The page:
Photo by Dean Forbes
A landmark publication from the Breast Health Global Initiative’s 2010 global summit reveals a multitude of barriers that keep women of developing nations from receiving screening and treatment for breast cancer. The authors—17 breast cancer experts from 12 countries—also identify common strategies and detail models of new programs that can improve and optimize breast health care and cancer treatment in such settings.
Published as a supplement to the April 1 edition of The Breast, “Global Breast Health Care: Optimizing Delivery in Low- and Middle-Resource Countries” compiles three consensus statements and 11 research papers based on projects and proposals from the BHGI’s Global Summit on International Breast Health held last June in Chicago.
Insights into issues facing low-resource countries
The supplement contains the first global consensus report on breast cancer in low- resource countries. The report identifies problems common to low-resource countries by addressing key questions about breast cancer awareness, diagnosis and treatment in this economically constrained global community.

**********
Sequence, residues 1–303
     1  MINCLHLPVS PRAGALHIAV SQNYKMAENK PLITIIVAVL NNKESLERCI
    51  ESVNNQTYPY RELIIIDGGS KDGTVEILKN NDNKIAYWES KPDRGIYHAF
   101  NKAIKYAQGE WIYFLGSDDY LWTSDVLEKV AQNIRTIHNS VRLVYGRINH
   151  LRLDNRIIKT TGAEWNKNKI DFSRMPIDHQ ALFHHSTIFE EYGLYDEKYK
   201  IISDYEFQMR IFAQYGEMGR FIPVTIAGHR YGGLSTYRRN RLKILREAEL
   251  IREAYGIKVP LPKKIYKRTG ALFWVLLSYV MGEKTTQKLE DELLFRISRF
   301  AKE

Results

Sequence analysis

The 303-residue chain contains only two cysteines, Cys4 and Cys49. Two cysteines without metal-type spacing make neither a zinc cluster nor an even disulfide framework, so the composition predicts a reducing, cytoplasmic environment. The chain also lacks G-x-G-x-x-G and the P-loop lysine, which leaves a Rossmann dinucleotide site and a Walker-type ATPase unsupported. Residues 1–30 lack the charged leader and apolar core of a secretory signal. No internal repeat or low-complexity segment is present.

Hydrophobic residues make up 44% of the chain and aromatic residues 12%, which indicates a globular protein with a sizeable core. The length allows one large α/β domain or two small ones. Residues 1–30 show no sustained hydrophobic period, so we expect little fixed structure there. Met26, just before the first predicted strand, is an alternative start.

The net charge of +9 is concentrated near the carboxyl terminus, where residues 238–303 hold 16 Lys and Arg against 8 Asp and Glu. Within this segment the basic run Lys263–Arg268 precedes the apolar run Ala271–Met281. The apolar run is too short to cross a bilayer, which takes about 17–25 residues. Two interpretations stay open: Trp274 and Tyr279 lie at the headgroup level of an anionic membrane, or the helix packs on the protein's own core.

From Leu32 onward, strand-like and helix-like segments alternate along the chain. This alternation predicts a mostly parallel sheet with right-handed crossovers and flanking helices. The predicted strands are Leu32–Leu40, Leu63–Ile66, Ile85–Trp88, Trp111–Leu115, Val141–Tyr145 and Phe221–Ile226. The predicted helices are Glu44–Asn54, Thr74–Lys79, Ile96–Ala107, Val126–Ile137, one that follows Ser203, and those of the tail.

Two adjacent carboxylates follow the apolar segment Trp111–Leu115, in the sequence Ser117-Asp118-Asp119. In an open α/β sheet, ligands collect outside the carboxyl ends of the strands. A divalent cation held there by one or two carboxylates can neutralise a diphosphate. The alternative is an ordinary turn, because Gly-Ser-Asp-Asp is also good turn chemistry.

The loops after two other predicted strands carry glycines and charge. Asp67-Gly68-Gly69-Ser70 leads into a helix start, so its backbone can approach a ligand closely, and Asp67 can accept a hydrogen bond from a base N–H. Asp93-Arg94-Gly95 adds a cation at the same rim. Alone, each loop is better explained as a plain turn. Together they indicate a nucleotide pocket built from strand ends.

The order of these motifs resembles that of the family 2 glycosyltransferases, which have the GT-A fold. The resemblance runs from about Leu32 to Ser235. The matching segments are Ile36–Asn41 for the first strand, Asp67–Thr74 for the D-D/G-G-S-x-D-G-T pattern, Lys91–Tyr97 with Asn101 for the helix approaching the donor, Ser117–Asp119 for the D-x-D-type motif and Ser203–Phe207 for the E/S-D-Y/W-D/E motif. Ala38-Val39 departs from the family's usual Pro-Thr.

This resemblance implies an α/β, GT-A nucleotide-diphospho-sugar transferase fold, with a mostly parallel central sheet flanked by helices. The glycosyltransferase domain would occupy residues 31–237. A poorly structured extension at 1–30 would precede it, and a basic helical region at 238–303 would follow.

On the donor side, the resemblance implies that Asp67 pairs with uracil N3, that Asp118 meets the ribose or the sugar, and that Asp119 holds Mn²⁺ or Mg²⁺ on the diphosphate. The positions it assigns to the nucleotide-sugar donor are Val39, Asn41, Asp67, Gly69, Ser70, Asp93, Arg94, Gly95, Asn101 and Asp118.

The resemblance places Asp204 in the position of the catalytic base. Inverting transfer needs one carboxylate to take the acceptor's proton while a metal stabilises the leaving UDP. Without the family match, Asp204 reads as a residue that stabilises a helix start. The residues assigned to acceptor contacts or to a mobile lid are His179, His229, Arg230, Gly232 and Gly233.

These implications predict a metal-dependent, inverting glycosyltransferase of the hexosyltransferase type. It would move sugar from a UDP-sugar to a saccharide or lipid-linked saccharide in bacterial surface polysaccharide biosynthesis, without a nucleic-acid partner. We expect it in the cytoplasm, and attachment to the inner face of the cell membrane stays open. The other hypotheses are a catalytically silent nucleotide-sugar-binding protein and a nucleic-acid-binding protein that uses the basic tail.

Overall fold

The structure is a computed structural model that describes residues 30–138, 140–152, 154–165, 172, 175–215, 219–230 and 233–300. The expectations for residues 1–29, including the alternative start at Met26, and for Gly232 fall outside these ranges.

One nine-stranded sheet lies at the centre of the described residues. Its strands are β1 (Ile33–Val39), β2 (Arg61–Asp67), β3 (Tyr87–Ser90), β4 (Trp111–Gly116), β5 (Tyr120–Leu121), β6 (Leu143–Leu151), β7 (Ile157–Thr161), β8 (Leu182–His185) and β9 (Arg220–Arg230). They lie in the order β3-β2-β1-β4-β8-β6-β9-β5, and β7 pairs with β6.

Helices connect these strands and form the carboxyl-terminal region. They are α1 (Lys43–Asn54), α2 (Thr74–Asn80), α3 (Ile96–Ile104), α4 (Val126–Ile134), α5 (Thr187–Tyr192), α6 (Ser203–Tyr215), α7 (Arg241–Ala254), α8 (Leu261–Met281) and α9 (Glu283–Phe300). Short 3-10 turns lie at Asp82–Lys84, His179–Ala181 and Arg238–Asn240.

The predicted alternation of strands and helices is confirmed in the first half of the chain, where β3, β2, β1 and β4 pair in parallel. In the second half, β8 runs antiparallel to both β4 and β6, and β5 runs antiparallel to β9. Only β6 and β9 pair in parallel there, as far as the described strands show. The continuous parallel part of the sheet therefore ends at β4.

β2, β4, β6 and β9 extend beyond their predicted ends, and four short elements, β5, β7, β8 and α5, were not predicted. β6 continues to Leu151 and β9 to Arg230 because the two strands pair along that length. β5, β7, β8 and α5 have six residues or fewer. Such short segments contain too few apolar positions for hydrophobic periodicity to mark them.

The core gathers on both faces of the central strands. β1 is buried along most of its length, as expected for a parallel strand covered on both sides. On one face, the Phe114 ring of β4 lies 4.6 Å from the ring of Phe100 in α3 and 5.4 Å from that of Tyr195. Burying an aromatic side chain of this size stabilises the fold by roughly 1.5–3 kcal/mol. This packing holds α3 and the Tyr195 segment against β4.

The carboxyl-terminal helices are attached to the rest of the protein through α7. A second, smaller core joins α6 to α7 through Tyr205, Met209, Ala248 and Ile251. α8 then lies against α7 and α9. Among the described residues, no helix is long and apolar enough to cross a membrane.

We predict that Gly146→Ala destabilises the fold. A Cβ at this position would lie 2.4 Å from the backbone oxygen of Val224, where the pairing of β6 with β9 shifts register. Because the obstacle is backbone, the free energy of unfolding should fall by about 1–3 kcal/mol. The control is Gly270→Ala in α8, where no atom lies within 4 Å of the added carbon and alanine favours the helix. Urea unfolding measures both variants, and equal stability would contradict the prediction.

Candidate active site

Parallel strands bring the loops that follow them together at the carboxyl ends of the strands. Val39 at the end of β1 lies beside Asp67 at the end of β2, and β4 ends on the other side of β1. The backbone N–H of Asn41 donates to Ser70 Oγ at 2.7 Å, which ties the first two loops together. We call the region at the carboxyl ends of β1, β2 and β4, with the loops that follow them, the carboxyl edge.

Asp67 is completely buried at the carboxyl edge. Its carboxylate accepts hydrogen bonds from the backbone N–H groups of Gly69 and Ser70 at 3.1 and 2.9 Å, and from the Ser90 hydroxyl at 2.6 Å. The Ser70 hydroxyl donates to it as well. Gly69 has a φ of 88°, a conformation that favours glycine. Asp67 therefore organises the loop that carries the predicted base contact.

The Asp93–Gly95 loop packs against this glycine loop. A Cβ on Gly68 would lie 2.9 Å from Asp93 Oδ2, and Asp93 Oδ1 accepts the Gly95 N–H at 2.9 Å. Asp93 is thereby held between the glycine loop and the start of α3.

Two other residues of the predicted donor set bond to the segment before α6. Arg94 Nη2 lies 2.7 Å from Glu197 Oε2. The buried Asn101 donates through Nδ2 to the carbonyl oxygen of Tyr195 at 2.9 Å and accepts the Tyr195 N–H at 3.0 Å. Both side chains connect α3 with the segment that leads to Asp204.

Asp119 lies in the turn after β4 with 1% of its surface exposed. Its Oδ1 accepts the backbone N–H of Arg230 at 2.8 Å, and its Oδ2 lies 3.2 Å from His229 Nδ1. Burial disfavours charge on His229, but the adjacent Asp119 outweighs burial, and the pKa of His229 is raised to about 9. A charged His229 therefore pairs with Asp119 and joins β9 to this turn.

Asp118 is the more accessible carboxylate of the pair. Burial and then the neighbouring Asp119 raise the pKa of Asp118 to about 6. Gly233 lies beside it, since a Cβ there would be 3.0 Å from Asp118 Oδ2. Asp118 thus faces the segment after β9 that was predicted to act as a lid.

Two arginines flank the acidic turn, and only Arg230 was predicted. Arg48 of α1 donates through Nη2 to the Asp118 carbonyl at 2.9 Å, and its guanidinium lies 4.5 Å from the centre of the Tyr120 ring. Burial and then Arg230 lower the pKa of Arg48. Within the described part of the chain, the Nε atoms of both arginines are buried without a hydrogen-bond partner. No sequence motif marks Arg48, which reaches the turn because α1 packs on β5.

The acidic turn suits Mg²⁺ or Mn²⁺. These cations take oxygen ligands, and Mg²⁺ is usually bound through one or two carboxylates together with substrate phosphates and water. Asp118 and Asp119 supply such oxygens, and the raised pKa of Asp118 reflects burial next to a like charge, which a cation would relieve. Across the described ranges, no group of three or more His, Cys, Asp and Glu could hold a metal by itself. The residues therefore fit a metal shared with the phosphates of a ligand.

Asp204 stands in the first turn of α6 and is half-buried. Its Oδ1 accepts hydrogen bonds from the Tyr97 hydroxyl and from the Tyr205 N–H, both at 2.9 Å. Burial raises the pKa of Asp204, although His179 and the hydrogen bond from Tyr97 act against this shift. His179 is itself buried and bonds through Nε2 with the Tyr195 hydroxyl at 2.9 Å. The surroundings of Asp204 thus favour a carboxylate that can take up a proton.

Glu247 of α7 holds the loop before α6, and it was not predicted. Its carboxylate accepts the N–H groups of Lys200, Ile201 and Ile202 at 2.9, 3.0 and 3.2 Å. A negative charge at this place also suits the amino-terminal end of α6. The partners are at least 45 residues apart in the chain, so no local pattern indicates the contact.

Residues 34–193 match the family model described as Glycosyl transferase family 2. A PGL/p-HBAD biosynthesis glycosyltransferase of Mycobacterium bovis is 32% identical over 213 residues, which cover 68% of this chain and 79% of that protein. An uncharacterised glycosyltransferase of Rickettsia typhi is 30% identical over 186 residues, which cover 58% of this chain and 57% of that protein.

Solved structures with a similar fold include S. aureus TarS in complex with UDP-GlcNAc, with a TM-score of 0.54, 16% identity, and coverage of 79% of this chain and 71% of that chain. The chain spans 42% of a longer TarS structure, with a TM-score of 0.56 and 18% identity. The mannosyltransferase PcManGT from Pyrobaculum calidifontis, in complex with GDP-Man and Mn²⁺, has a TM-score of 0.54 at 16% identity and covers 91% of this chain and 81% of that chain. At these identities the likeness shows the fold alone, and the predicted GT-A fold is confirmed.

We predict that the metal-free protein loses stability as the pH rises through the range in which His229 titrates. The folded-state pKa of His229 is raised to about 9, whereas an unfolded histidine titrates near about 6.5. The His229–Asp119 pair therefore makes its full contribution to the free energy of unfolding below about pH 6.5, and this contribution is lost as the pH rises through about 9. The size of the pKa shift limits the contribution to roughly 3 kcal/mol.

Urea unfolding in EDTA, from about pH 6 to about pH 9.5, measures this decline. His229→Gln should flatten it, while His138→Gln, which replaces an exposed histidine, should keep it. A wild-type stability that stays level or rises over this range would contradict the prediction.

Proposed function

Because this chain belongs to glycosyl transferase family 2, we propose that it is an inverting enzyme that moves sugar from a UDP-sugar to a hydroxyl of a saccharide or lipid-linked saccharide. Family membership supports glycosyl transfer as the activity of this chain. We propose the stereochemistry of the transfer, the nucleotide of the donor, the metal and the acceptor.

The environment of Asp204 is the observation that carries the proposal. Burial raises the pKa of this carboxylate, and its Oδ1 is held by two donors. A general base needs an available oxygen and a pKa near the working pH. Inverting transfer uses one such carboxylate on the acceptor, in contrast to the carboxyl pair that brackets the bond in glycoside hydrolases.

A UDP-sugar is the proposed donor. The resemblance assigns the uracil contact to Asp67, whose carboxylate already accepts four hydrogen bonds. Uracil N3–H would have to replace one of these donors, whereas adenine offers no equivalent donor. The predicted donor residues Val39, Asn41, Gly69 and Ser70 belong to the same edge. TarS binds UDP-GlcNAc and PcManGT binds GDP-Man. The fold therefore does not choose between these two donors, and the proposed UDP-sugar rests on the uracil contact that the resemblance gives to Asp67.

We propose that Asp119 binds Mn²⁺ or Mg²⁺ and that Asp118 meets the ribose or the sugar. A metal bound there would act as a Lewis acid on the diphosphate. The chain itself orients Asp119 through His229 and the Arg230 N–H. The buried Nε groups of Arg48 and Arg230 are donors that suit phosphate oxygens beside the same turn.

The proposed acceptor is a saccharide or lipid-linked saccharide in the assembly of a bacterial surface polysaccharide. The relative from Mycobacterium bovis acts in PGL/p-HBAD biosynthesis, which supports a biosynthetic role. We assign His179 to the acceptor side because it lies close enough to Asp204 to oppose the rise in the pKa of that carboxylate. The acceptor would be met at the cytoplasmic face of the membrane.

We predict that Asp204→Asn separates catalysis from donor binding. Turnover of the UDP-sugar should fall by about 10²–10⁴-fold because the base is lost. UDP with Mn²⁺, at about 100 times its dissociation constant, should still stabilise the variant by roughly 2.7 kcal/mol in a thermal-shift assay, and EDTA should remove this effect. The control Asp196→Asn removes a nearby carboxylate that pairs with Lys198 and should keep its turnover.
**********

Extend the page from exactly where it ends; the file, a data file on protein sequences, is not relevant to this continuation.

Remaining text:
Challenges in low-resource countries include:
- Lack of public awareness and misconceptions about breast cancer
- Lack of pathology services to establish hormone status of tumors
- Treatment options limited by availability of equipment and drugs
- Lack of health professional training
- Need for supportive care services (such as side-effect treatment, palliative care and end-of-life care).
Longtime BHGI goal
The BHGI is an alliance of international partnering organizations dedicated to medically underserved women. The summit brought together more than 150 experts from partner organizations in 43 countries.
The Hutchinson Center’s Dr. Benjamin Anderson, BHGI chair and director and co-chair of the summit, said the publication of breast cancer studies from low- and middle-resource countries that are easily accessible has been a longtime goal of the organization.
“These papers collectively provide insight into the societal norms, economic challenges and public policy issues of the low- and middle-resource countries,” said Anderson, of the Center’s Public Health Sciences Division and professor of surgery at the University of Washington School of Medicine.
The supplement also includes studies conducted in regions rarely researched in this context—Kashmir and Gaza Strip and new studies from Nigeria, Malaysia and Mexico. An executive summary of the consensus statements was published simultaneously in the April 1 edition of The Lancet Oncology.
[Adapted from a Hutchinson Center news release]